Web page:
BIRMINGHAM, Ala. (ABP) — Look out, church! Megachurch pastor Rick Warren may be filling your pulpit this Sunday morning. Actually, he might have been there before too. The question is, did you recognize him?
Warren's sermons, along with those of other well-known preachers, are now available for the buying in books and on websites such as SermonNotes.com. And pastors are increasingly turning to pre-written material to upgrade their sermons from tired to inspired.
“Whether pastors are pressed for time or feeling the need to preach a 'Cadillac sermon,' the practice is becoming a common phenomenon,” said Robert Smith, professor of Christian preaching at Beeson Divinity School.
But with instant improvement available at the click of a mouse, pastors are faced with the temptation to take sermon swapping one step too far, Smith said. Some pastors preach the material nearly verbatim without giving credit to the authors.
“It's a matter of integrity, and using the work of others as his own robs a pastor of integrity and personal growth,” Smith said.
It also can cause a pastor to lose his profession. In April, Robert Hamm stepped down as senior pastor of Keene United Church of Christ in Keene, N.H., after admitting to plagiarizing full sermons, Religion News Service reported.
No preacher needs to reinvent the wheel or create information from scratch, Smith said, but researching, processing and assimilating are part of the spiritual growth process. “It is not necessary for a pastor to manufacture new material, but it is wrong to take others' material without citing the source.”
A pastor's job is to spend time with God and with Scripture, said Clint Pressley, senior pastor of Dauphin Way Baptist Church in Mobile, Ala. “I think that if you are using someone else's sermon as your own, you are not only cheating yourself, you are cheating your people.”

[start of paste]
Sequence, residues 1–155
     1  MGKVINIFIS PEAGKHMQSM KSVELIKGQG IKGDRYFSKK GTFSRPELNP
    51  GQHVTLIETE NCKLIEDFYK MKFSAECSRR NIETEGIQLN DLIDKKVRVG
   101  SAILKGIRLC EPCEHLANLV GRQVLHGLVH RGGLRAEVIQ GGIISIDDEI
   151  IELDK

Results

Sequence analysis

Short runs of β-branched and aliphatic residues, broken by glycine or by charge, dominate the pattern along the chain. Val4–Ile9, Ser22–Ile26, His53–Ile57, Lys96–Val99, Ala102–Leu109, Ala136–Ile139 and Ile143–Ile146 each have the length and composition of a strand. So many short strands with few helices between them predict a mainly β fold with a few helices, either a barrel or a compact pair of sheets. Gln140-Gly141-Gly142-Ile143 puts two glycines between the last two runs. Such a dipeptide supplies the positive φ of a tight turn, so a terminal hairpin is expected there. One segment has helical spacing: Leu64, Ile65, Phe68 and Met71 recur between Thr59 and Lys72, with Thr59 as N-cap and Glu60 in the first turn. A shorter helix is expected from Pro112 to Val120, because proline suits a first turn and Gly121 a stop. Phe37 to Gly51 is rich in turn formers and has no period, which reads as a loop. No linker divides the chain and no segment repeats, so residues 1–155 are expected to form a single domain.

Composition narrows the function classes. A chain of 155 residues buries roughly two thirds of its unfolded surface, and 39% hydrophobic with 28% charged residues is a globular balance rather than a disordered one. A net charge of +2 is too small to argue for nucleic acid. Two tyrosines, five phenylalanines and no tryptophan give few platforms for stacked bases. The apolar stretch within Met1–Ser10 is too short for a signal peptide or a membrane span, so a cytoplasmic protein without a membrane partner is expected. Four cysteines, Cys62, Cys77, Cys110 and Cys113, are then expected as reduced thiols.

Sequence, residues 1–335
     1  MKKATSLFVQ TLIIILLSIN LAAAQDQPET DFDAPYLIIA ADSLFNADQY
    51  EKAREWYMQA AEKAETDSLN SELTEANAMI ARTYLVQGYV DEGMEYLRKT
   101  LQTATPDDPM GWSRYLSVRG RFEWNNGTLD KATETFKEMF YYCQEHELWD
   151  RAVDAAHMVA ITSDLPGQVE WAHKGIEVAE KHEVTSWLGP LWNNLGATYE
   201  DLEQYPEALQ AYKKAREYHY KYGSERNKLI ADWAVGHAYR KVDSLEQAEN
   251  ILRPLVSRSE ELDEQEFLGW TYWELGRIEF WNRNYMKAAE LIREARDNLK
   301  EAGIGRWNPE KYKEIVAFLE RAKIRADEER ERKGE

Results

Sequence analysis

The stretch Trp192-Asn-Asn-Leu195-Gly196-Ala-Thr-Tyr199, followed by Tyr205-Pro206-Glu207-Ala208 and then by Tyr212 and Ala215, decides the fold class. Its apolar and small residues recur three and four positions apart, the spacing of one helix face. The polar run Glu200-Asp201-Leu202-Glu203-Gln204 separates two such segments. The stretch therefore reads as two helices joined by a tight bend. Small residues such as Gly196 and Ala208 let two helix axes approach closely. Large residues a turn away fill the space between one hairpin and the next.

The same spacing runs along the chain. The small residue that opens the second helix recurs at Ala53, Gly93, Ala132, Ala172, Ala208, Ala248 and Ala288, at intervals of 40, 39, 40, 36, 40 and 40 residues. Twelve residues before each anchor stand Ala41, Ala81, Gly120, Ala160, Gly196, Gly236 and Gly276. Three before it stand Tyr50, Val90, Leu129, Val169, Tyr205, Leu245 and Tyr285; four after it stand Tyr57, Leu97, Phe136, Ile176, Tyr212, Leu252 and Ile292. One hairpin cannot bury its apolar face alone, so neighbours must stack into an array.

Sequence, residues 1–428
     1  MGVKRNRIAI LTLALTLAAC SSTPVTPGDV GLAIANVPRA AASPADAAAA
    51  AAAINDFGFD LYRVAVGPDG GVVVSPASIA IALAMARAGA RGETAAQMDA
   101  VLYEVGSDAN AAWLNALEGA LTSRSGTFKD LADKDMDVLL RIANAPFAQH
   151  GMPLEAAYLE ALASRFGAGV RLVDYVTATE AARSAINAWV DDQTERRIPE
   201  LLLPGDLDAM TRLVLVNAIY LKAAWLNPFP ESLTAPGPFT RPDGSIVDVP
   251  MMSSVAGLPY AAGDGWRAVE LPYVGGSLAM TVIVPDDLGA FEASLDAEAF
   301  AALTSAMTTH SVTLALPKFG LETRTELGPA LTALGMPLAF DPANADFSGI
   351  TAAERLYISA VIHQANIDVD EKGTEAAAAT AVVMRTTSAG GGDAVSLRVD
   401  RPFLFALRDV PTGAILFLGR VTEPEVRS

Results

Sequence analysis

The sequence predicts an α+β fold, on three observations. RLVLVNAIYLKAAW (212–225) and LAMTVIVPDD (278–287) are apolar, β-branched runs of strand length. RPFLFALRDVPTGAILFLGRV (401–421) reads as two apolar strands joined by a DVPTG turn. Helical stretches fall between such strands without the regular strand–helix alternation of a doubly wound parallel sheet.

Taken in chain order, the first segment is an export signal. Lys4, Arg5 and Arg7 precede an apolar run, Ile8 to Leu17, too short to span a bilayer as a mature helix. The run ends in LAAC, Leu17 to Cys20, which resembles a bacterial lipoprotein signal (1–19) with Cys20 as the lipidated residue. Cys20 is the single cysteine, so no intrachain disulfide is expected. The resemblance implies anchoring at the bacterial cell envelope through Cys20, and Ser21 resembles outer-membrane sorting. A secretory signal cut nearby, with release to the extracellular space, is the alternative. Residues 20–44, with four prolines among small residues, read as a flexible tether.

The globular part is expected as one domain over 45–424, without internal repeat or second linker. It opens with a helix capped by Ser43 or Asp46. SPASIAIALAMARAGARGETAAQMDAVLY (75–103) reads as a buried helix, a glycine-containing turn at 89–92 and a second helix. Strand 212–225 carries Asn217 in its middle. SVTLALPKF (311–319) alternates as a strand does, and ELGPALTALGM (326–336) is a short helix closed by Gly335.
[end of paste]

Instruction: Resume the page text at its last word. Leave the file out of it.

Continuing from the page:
Though Pressley is not against being well read, he said, preaching is a personal event and should overflow from a pastor's personal spiritual life. “It's hard to infuse passion into something that didn't emerge from your own personality.”
Pressley noted that researching others' work correctly for background, then fleshing it out with personal experiences and insights, can keep the spirit of sharing alive for some pastors.
Others, he said, move past help with preparation into plagiarism and disaster, as did Glenn Wagner, pastor of Calvary Church in Charlotte, N.C., Pressley's hometown. Wagner resigned Sept. 5 after admitting to the congregation that discouragement and depression had led him to plagiarize sermons for the last two years.
What makes a pastor turn to ready-to-read sermons?
“Pastors are expected to be everything, everywhere, all the time,” Pressley said. “They are stretched in lots of directions, and often it is hard to carve out time to study.” Preparing to preach, opening the Bible and waiting to hear from the Lord is a waning practice, he said.
Jay Wolf, pastor of First Baptist Church, Montgomery, Ala., said the Internet can be an excellent tool if used correctly and simply as a part of the sermon-developing process.
“Plagiarism, camouflaging or masquerading is never appropriate. It is certainly wrong to take other people's material and experiences and pretend they are your own,” Wolf said.
But in a world that's increasingly media-driven, it becomes more and more difficult to be completely original on approaches to the Scripture.
The key, Wolf said, is “to dress the same truths in new clothes that connect to the fresh needs of people.” Mixing personal experiences with knowledge gleaned from outside sources makes a pastor a more effective communicator and avoids compromising his integrity, Wolf said.
“Sermons are like recipes,” he said. “It's like making homemade fried chicken. You start with a basic recipe, but what makes yours so good is the ingredients only you can add.”
— Grace Thornton is a correspondent for the Alabama Baptist.